Get to Know Jada Pinkett Smith, Actor, Producer & Entrepreneur | The 2019 MAKERS Conference
Jada Pinkett Smith is a force of nature in Hollywood and beyond. She’s starred in over 30 films, from Menace II Society to Girls Trip; has been on dozens of TV shows; and started her own web video series, “Red Table Talk,” in 2018. Together with her husband Will Smith, she’s also raised a family and started a philanthropic foundation.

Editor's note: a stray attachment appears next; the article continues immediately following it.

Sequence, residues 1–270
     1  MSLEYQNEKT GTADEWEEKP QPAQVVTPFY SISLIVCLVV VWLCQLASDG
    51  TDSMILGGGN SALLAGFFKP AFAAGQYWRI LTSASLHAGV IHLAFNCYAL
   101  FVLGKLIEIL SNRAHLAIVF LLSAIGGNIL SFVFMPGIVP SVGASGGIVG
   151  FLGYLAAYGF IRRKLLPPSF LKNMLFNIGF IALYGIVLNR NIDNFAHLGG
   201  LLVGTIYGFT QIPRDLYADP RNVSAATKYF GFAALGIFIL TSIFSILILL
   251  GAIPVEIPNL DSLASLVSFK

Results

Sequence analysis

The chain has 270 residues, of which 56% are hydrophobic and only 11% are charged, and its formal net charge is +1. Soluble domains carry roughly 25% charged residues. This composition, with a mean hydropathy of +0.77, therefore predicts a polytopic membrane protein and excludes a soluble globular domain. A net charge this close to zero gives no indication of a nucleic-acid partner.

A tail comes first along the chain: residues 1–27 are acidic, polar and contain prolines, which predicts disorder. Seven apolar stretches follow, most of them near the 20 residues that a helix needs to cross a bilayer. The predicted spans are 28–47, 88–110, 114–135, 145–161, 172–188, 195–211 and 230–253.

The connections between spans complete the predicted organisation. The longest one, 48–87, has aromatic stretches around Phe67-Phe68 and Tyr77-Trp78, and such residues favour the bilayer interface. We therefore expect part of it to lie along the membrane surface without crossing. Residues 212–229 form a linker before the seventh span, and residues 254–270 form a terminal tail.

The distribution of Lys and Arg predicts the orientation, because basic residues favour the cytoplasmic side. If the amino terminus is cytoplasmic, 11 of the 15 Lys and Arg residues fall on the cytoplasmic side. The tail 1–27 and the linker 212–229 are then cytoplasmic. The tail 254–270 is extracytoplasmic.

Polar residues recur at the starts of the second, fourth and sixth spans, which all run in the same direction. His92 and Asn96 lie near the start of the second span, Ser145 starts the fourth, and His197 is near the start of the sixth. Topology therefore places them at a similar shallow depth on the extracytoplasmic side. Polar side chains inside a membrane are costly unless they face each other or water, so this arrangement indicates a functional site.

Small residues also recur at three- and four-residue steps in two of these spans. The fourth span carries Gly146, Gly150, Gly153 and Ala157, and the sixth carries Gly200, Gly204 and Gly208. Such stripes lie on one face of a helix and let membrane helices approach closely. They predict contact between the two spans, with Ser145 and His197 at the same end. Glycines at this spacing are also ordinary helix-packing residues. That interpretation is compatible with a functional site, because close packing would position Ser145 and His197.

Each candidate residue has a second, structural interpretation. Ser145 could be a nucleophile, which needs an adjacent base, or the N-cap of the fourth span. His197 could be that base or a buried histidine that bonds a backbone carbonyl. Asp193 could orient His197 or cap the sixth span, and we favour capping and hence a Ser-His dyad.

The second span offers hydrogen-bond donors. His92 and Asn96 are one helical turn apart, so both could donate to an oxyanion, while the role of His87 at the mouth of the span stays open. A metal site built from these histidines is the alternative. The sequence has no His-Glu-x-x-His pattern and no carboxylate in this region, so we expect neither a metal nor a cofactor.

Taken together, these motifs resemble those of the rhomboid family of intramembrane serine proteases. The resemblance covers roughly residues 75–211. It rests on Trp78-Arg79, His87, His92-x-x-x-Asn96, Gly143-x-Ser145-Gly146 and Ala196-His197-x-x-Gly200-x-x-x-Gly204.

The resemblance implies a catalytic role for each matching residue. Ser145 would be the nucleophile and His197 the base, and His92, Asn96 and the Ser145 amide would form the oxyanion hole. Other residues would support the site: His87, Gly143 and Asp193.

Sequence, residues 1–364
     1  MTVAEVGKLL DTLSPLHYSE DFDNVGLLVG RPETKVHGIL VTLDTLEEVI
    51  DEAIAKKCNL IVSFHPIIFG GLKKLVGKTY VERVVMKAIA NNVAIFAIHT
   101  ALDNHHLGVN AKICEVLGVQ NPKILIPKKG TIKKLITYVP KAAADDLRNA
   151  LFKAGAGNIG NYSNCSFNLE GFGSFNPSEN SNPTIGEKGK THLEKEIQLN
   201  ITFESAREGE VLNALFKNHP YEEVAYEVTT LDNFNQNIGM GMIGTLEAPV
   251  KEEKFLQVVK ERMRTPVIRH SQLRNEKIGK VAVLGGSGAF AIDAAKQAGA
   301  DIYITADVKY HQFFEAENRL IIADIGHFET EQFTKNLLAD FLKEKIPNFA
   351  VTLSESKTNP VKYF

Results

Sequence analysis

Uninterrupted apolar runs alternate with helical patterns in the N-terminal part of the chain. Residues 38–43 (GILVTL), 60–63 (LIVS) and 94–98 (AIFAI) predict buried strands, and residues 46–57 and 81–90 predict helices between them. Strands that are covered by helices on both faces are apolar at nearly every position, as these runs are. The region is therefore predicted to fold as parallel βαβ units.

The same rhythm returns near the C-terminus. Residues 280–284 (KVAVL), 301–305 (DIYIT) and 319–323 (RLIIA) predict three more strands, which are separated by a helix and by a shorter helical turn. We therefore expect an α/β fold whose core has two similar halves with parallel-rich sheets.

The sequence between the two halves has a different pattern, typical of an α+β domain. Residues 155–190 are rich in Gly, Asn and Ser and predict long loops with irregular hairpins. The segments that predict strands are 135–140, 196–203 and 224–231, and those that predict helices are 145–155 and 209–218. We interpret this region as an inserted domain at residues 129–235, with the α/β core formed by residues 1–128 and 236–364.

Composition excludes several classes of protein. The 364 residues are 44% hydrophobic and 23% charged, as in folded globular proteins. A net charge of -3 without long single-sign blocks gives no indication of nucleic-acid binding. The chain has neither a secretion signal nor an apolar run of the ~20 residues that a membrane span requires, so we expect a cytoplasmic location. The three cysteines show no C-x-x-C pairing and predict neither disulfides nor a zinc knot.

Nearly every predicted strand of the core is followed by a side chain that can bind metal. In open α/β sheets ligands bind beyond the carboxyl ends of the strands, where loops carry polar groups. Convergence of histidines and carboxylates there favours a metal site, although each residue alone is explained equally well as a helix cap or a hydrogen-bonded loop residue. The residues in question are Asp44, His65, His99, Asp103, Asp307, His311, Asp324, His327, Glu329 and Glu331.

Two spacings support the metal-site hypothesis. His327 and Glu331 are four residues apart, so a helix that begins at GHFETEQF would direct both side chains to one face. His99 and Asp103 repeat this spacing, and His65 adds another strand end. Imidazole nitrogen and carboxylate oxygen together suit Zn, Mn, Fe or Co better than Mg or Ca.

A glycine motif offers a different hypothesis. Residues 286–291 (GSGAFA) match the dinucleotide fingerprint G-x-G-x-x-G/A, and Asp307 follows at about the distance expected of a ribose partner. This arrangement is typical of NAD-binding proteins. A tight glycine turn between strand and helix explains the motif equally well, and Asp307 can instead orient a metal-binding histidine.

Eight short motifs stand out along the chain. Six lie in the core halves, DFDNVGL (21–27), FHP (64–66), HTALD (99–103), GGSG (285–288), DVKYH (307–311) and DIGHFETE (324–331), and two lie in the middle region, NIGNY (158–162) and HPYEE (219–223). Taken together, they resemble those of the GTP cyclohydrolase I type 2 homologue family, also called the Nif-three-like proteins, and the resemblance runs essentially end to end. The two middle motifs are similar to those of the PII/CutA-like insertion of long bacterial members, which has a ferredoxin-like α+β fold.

JADA PINKETT SMITH: You can't tell me what being a woman means for me and what that looks like. You're not allowed to tell me what my motherhood should look like. You're not allowed to tell me what my strength should look like. You're not allowed to tell me what my vulnerability should look like. That is for me to decide. I grew up in Baltimore, Maryland. My mother had me at a very young age and we lived with my grandparents. My grandmother wanted me to learn about everything. So I had to take piano lessons, I had to learn French, I took ballet, I took tap, I took everything you could imagine. People loved my energy, people thought was really talented, but I was really rough around the edges. And I got a couple of people they're like, "You'll never work, your east coast accent is too strong." And I would just sit there and I'd go, "OK. We'll see about that." But to be able to do a movie like "Menace II Society" at that time, which was about urban culture in Los Angeles, what I realized is that there really isn't that much difference between the emotional and psychological aspects of living in urban neighborhoods. Whether you're on the east coast or the west coast. It's all the same pain, it's all the same frustration. They told me I was too short. But I've met Will, and we became really good friends. And then he went through a divorce and we decided to date. And then that was history. Fresh Prince of Bel-Air, many years later, came back trying to get me to play his longtime girlfriend on his show. And I was like, "Nope. I'm a movie star now. Boy, bye." It was a heyday for black talent. We came into Hollywood, all we had to do was come ready and kick the door down. Right? And then it kind of eased down, the fad went out. Right? And so that was tough. You had to tone down your blackness in order to be acceptable. And there were some of us that were able to crossover into white culture, more mainstream projects. So, "Matrix," for instance. But there were only a few of us. Here we are at the red table. Yes. Ladies, once again, today's subject matter is mental illness. We are talking about addiction. We are going to be talking about race and racial relations between women. I called it "Red Table Talk" because it's a place of purification, that fire, burn, it's hot. Sometimes sitting is not the most comfortable. My mother is 65, I'm 47, Willow's 18. So you are talking about three very different viewpoints. I think that I've learned over the years, people are going to tell you everything that's wrong about you. And if you're not clear on everything that's right, and everything that's beautiful about you, people will steal you. And so it's just a matter of really having the courage to create the life that is specific to you and no one else. And to have a family that loves each other, and supports each other, that's my greatest accomplishment.